The E-News site has been inactive since February 2011 and may contain outdated information and/or broken links. For current and up-to-date Tufts news and information, please visit Tufts Now at
Tufts University e-news

Search  GO >

this site people
Tufts University Logo Bottom Search Bottom  
left side photo

Aid Groups Under Fire

Aid Groups Under FireInternational humanitarian aid groups are rethinking their efforts in Iraq – and other war-torn regions – following a string of deadly attacks. Boston.

Boston [11.03.03] Following a new wave of deadly bombings, the International Committee of the Red Cross decided to withdraw the majority of its staff from Iraq - citing the growing frequency of attacks against international aid groups in the region. The recent violence, says a Tufts expert, appears to indicate that a new generation of terrorists is setting their sights on humanitarian workers in an effort to shift the balance of power.

"[According to Tufts' Larry Minear], for the first time, aid workers are not just getting caught in the crossfire - they are deliberately being targeted for who they are and what they do," reported the Atlanta Journal-Constitution. "And that, he said, changes the whole ballgame."

The result has been a series of withdrawals by aid groups that fear they can no longer safely work in Iraq - leaving available staff and resources in short supply.

"Are aid groups rethinking their activities? Definitely, yes," Minear - the director of the Humanitarianism and War Project at Tufts - told the Journal-Constitution.

To address the issues, Minear and his colleagues - who are based in the Alan Shawn Feinstein International Famine Center at the Friedman School of Nutrition Science and Policy - recently organized a conference in Boston to bring aid workers together to discuss the growing threat of violence. The timing of the meeting only reinforced the immediacy of the issues facing the groups.

"The meeting came in the wake of the devastating Aug. 19th attack on United Nations headquarters in Baghdad that killed 23 people, including the head of the mission," reported the newspaper. "Several weeks later, a suicide bomber struck a police checkpoint outside the same building."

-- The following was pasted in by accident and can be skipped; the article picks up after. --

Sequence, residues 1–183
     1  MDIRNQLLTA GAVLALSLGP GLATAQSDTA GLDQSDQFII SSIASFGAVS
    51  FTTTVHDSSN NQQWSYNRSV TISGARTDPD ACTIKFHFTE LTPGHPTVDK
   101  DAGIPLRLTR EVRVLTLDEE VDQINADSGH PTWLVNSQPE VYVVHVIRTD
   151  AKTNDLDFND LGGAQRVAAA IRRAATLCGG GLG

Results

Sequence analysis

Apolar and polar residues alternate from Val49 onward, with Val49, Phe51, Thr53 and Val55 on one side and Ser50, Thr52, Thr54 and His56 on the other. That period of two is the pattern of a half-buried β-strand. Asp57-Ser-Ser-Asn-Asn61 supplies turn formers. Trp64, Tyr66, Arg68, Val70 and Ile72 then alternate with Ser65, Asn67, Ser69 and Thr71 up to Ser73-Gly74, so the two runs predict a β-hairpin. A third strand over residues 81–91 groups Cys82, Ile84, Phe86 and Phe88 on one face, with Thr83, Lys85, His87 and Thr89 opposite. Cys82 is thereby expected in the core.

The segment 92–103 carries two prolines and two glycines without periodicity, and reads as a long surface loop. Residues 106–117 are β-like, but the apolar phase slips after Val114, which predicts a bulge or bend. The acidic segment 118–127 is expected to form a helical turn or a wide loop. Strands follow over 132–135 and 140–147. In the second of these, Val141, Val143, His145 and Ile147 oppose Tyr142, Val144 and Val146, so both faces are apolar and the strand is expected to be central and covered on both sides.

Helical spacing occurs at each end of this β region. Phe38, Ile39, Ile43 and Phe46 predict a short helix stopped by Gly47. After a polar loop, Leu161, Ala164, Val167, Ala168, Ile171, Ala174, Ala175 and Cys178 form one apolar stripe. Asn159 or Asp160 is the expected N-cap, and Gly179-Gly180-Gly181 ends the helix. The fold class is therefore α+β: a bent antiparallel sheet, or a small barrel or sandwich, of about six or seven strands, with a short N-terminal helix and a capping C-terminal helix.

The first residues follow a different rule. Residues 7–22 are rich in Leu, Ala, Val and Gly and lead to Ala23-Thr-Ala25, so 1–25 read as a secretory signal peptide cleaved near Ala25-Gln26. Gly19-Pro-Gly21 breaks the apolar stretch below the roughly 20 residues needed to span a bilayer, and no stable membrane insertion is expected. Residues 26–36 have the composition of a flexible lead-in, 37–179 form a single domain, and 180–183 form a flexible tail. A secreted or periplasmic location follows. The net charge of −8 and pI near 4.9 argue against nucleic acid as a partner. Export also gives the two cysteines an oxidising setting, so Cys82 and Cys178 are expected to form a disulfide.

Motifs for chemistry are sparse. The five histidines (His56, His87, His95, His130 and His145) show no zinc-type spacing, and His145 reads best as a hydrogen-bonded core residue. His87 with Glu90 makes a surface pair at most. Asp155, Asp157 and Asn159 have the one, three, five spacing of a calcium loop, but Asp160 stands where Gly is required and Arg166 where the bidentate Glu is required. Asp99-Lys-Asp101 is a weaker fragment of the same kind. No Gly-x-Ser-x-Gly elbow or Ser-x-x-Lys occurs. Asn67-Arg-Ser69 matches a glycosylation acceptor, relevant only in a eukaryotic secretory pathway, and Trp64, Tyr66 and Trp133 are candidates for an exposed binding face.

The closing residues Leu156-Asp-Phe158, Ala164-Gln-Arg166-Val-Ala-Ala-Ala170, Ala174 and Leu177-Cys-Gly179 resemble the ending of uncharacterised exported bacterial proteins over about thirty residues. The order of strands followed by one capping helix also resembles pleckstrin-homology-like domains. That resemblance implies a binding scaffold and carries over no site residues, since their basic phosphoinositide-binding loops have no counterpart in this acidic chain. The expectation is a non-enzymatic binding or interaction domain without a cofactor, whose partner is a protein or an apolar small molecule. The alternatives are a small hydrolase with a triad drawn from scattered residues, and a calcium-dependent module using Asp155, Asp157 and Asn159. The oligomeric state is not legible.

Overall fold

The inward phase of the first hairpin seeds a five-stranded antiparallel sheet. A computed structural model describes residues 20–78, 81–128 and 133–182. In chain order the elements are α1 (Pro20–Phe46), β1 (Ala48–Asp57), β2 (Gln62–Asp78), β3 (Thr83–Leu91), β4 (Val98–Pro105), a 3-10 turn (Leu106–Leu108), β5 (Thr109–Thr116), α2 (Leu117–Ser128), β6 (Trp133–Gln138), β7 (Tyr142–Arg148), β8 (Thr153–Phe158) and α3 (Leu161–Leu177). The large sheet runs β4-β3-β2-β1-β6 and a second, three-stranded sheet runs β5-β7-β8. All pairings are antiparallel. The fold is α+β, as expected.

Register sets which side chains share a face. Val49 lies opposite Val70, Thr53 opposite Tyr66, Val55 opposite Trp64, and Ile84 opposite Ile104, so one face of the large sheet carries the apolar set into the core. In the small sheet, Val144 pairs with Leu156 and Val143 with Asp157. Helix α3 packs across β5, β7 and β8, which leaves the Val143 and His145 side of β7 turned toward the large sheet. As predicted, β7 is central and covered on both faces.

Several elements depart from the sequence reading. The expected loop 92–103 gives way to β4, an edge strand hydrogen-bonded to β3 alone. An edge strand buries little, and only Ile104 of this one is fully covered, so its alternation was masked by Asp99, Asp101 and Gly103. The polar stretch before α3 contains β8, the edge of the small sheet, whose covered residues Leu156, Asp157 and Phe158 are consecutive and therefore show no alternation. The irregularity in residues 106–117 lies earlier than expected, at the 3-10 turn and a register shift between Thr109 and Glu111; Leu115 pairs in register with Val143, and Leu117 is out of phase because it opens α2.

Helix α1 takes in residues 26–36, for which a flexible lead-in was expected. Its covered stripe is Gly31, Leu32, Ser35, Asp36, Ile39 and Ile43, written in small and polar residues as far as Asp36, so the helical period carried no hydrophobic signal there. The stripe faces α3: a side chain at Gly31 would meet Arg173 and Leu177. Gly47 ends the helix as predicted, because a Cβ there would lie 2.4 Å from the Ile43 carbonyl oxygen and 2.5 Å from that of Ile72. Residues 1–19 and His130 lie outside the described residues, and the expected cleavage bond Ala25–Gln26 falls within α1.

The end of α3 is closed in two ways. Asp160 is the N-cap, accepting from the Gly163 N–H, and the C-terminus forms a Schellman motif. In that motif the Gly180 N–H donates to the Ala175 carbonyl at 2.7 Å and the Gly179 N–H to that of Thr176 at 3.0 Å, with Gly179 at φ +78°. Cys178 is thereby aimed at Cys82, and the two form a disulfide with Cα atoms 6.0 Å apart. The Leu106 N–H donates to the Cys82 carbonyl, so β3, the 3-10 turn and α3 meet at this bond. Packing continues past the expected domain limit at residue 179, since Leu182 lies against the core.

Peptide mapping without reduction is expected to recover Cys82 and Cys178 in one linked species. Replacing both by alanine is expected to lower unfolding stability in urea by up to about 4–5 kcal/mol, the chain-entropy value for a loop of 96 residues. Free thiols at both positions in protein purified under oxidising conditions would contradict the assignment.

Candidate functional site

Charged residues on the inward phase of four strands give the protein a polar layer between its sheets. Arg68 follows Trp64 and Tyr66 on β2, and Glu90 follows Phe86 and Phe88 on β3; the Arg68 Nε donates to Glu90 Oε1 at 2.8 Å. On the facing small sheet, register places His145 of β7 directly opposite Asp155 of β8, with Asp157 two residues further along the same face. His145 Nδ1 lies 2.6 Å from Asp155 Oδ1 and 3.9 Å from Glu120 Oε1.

Last week, the Red Cross was targeted by a massive car bomb, which killed 10 and injured dozens. Each new attack, Minear said, indicates that the trend is only getting worse.

"The fact that the International Red Cross has been targeted is particularly ominous," the Tufts expert told the Journal-Constitution. "It is the most studiously neutral."

That may be the ultimate goal. The terrorists appear to realize that targeting aid groups does more than just claim lives - it also weakens efforts to rebuild Iraq.

"Private agencies funnel roughly 30 percent of the world's $100 billion in aid each year," reported the newspaper. "These organizations, Minear said, have to figure out ways to keep the aid flowing without putting themselves at additional risk."

And, for many organizations, the decision to help in future conflicts will require a lot more thought and planning.

"Minear said aid groups will be forced to spend more time analyzing a crisis situation before jumping headfirst into perilous front lines," reported the Journal-Constitution. "That could leave vulnerable people without aid."

Related Stories
Related Links
Featured Profile